The Black And White TV Brouhaha

My parents, especially my father, were people who could not be cheated when it came to paying utility bills. Living in a compound house where there were others sharing one electricity meter with us ensured there was always a misunderstanding on utility bills. The issue of quarreling over bills was an unending abyss. No one wanted to be cheated and everyone always ensured there was fairness, ( in this case, any bill that favoured them). One of this instances saw our power being disconnected.( Story for another day).

Being the TV addicts that we were, my siblings and I decided to formulate a plan to watch TV at a neigbour’s house, whenever we were sent on an errand there. Unfortunately for us, there was a shortage of errands. We fought over any errand that would take us to the neighbour’s and my parents wondered why. We couldn’t come clean because it would mean being beaten and forced not to go there again. However, our neighbours had already noticed that it was because of TV we were so excited to come to their house. This was because we glued ourselves to their open living room door anytime we went there. On days when there was no errand, we stood on stools, propped against their room, peeped through the window, straining our eyes to follow the programme being shown. This was due to the dull nature of the pictures on the TV. We argued about who was which ranger and chose our favourites. On those stools, we had arguments, laughs and fun.

One fortunate afternoon, as we stood on our stools watching Power Rangers, we were called by one of the neighbours to enter the room and watch instead. We lept from the stools and quickly rushed in. We cleaned our feet even though the room had no carpet in it. We sat on the floor, directly in front of the TV with our eyes widely open.  Through, commercials, we sat. When the show was over, we still sat there and watched the next. Our entertainment came to a premature end when someone passed gas and it was blamed on us even though the neighbour’s children too were present. We denied vehemently but the stench of the flatulence cemented our exit.Giving us each two knocks on the head and throwing us out, the man said,”momma mo maame nsa mo, na mo yam b)n dodo.” Meaning we should let our mother perform enema with herbs on us because our stomachs stank too much. We left there clothed in anger and shame. On the way home, with our stools on our head, we started pointing accusing fingers at each other. None of us accepted the blame turning it into a fight that left us with pains all over our bodies and the youngest crying. On entering the house, my younger brother with tears streaming down his face narrated the whole incident to our mother. She thinking it funny, then narrated it to our father, and oh was he pleased! He lashed us for going to watch TV in someone’s house and farting in return. Our mother’s pleas fell on rocks as he meted out the punishment. I being ever sharp-tongued, amidst tears and hiccups shouted,”if we had light here, would we have gone to someone’s house?” That remark earned me two extra lashes and a pull of my lips.After this incident we dared not go anywhere near someone’s TV.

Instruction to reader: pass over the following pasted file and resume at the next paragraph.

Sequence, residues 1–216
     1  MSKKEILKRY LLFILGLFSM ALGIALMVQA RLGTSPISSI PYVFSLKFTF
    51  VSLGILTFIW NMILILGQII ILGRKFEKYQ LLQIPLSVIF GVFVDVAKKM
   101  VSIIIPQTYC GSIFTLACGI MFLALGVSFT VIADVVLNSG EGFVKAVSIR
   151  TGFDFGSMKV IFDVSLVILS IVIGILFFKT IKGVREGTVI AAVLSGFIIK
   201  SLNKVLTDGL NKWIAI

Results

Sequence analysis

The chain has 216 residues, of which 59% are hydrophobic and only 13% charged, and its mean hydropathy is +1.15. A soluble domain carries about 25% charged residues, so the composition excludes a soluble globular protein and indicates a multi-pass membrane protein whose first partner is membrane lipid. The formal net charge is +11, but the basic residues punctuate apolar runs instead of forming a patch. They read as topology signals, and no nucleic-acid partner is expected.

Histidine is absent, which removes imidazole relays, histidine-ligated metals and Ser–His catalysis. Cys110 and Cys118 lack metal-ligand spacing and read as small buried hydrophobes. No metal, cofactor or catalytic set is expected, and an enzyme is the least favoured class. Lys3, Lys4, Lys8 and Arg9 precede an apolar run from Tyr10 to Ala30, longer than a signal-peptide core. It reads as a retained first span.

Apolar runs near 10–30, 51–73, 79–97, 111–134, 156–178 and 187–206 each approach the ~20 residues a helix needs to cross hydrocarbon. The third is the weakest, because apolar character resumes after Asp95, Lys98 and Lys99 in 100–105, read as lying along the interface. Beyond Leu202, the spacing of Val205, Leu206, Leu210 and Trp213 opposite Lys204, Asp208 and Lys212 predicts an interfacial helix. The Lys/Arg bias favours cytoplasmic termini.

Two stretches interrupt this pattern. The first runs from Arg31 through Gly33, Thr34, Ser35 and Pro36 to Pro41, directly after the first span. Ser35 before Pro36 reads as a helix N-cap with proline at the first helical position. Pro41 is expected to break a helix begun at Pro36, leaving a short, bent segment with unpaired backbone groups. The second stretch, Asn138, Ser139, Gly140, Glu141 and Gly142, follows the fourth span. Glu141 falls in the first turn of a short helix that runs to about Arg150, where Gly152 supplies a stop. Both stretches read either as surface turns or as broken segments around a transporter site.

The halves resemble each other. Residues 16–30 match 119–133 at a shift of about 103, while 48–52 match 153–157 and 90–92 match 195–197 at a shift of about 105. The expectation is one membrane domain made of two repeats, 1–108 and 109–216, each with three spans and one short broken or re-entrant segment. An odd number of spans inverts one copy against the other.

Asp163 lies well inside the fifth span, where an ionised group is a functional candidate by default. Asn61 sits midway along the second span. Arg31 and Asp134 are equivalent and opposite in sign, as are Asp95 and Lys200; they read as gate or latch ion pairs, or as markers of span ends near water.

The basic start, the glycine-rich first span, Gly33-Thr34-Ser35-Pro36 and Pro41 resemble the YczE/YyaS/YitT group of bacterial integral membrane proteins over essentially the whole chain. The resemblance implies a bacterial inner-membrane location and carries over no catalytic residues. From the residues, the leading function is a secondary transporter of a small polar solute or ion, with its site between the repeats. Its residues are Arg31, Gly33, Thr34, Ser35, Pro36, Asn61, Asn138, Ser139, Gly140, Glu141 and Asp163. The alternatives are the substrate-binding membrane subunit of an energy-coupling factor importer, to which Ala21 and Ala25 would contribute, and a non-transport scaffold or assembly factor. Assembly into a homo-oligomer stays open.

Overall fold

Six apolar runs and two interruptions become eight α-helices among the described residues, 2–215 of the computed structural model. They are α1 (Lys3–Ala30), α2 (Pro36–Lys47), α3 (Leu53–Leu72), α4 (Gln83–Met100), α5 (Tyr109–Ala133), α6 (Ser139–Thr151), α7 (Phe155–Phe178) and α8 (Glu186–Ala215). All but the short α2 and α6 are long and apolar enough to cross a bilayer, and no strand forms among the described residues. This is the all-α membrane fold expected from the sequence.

Our sorrow was cut short when power was restored to us. The TV wept as we kept it on constantly, switching between channels whenever our father wasn’t home. After sometime, the TV stopped working properly. We had to slap both sides for it to stay on. The slaps caused the zigzags on the screen to vanish for a while. A hard tap on the head of the TV brought the sound back. We went through this till we got tired and started designating who to hit the TV and when to do so. One afternoon after school, we rushed home to watch cartoons. On turning the TV on, we realized no pictures were showing again. We slapped, tapped and shook the TV but to no result. We then resorted to turning the nob. I turned and turned and turned till the knob came off. With the broken knob in my hands, I started trembling because I knew I was in for fireworks. I tried to replace it but it was impossible to do so. I left it dangling on the broken part, making my siblings promise to hush the incident. When my father came home, the knob came off as soon as he touched it. He screamed my name and till this day,thoughts of that scream send chills down my spine. I lied to him that I didn’t know who did it. When my sibling were called, they also lied. But he knew one of us had done it. Therefore he beat all three of us. After the beatings, my brothers came clean and I was given extra whips for lying and coercion. With the TV gone, we went back to the stools behind the neighbours’ window and this time, they ignored us completely.

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